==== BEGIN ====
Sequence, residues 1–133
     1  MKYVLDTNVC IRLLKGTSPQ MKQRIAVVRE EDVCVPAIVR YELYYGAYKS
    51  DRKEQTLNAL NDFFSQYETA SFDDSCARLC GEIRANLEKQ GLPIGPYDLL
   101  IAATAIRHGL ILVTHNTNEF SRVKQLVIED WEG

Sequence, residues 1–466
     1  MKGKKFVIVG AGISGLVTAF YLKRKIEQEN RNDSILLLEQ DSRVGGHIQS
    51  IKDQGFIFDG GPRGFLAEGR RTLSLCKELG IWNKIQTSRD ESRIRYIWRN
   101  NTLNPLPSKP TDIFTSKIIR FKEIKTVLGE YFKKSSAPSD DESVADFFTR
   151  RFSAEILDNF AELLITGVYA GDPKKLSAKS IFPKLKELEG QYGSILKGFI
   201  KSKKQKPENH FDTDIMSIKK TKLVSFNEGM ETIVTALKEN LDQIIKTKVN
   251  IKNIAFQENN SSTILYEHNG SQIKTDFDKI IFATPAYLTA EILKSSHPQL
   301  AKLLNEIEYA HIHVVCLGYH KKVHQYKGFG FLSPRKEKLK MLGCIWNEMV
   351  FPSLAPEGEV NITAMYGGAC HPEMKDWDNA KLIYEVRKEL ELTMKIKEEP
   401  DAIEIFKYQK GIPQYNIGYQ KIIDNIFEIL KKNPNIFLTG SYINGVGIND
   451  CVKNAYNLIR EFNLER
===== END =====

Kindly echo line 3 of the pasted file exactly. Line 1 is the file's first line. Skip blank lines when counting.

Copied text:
    51  DRKEQTLNAL NDFFSQYETA SFDDSCARLC GEIRANLEKQ GLPIGPYDLL